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The Privilege of Religious Majorities: Pivoting on Piety

By   Follow Me on Twitter     Message Amy Fried, Ph.D.       (Page 1 of 1 pages)     Permalink    (# of views)   7 comments

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Recently, the Supreme Court handed down a decision that many see as a blow to the Constitutional separation of church and state. In Town of Greece v. Galloway, the court dismissed the idea that sectarian prayer at government meetings is in violation of the Constitutional separation of church and state. As Professor Erwin Chemerinsky described the ruling:

"Rather than obliterating the wall separating church and state all at once, the Roberts Court's opinions are dismantling it brick by brick.."

Years ago, in another small town, I was a rabble-rouser for church-state separation, joining a small local group in protest of similar sectarian (overwhelmingly Christian) prayers at local government meetings. For our efforts, a local talk show host referred to our group as a "hate group," and threatened to read our names and addresses over the air so that people could keep their kids away from us!

Our group was made up of people from all backgrounds; for me, my Jewish identity and faith were a big motivator in my activism. For me personally, the reciting of a Christian prayer was a subtle signal that I was a second-class citizen in this overwhelmingly Christian town, and overwhelmingly Christian country. It was also a reminder of years of persecution of my ancestors; including those centuries ago, who were forced to choose between conversion and their lives. My concerns then were very much in keeping with the minority dissent in the Greece case; in a small municipality, the power of legislators over ordinary citizens is great; they have the power to make decisions that greatly affect the everyday lives of their constituents. It's not like Congress, where a chaplain often recites a prayer to a near-empty room.

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Looking at the Greece decision itself, I can't help but be struck by how the majority skirted over the very issues at the heart of church-state separation that the minority was concerned about. For instance, the majority opinion referred to the choice of almost exclusively Christian prayers at Greece meetings as merely being due to the majority of its citizens being Christians. But that's the whole point! Religious belief and action is not something subject to majority rule; that is the essence of the freedom of conscience that the separation of church and state is supposed to protect.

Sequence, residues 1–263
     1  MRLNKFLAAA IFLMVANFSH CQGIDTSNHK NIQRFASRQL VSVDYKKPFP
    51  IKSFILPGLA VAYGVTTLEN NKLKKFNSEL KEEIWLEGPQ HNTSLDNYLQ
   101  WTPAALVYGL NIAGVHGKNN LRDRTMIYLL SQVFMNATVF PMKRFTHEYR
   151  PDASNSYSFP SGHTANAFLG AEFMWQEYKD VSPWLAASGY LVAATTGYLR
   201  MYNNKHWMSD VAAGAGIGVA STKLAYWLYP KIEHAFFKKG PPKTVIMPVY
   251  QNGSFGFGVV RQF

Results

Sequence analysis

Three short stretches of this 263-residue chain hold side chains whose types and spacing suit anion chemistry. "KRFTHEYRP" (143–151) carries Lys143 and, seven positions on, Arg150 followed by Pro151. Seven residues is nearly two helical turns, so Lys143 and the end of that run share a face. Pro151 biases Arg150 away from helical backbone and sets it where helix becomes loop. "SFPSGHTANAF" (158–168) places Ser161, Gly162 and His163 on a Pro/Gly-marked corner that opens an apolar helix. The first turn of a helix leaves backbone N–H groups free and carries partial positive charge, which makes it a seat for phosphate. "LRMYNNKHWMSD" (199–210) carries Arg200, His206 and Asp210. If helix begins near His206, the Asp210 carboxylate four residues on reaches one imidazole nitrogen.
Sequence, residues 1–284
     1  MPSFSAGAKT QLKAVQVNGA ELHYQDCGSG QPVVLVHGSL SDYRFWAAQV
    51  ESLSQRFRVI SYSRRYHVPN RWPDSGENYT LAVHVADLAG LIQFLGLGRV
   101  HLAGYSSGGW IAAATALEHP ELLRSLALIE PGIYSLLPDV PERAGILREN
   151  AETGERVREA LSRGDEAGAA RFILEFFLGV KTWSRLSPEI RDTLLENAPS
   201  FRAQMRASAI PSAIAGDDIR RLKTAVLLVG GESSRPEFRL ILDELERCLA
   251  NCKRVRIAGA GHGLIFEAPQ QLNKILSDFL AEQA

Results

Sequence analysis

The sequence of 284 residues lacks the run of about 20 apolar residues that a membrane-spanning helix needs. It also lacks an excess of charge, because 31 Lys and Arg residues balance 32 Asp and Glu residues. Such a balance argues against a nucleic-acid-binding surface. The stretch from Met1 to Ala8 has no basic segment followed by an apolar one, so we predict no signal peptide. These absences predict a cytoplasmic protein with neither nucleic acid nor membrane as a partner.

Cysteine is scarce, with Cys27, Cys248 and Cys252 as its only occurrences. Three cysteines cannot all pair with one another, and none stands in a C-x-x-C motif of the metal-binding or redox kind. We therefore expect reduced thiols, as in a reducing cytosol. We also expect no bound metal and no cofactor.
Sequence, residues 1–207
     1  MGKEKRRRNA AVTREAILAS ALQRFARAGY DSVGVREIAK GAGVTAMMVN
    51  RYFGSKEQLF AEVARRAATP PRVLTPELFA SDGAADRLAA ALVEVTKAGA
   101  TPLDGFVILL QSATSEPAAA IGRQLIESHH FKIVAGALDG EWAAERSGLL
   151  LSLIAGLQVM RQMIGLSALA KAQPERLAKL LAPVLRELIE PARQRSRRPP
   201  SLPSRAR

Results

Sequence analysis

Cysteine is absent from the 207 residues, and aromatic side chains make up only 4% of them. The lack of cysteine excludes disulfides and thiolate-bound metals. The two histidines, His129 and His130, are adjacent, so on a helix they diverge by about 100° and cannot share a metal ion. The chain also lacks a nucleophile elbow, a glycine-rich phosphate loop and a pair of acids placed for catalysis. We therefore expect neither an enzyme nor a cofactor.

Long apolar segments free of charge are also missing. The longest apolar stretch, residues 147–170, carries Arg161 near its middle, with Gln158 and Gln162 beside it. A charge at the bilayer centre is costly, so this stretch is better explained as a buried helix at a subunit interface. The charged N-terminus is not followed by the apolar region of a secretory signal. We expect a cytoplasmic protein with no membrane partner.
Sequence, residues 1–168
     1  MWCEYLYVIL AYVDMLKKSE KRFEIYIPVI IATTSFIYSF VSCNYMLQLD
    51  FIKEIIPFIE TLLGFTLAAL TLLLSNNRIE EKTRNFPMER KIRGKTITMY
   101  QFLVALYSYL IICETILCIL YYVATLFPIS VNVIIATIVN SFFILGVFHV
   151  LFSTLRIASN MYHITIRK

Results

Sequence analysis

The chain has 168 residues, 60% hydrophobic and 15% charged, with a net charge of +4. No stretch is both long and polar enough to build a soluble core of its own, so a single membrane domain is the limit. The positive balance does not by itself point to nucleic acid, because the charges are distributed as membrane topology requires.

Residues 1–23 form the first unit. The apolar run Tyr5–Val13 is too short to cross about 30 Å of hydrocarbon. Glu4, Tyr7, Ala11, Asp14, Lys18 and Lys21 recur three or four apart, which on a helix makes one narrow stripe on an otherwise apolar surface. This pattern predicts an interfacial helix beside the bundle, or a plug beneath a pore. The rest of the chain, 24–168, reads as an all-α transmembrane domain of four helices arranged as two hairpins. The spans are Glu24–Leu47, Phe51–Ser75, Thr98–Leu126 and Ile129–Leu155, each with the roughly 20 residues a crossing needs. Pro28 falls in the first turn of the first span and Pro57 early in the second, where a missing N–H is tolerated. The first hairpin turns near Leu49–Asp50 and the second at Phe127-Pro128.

One of the benefits of being a member of a religious majority, is that you can pick and choose the gravity that you place upon religious words and symbols of your own faith. Many of the church-state cases have included arguments about whether a particular prayer or symbol is really secular. This religious limbo is often covered by references to "civil religion" in church-state arguments. As such, the sacred and sectarian origin is watered down.

It is perhaps difficult to comprehend what hearing a starkly sectarian phrase - such as "in the name of Our Lord Jesus Christ" - feels like to a member of minority religion, especially one that has endured literally centuries of persecution and pressures to convert. Similar things could be said for those of no religion. But for someone who hears such phrases routinely in their own religious community, it's much easier to temper the religiosity of the context in which it is heard. You can choose to listen more literally when you are in Church, than when you are in a courthouse or legislative body. For those for whom it is so alienating, there is only one context. It is unfortunate that the majority in this case could not empathize with Americans of varying backgrounds.

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For this reason, I - like Professor Chemerinsky - think the recent ruling in Town of Greece v. Galloway is a huge step back.

 

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Amy Fried applies her Ph.D. in Organizational Behavior to writing and activism on church-state separation, feminism, reproductive rights, corruption, media and veganism.

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